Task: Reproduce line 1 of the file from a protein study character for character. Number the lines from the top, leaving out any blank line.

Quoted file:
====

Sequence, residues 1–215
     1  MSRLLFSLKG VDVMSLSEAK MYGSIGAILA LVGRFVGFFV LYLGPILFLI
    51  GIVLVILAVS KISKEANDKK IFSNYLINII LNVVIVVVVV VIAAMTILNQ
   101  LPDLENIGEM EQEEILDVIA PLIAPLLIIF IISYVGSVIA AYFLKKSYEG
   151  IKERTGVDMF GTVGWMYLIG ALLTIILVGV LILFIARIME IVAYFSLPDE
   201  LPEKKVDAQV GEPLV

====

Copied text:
Sequence, residues 1–215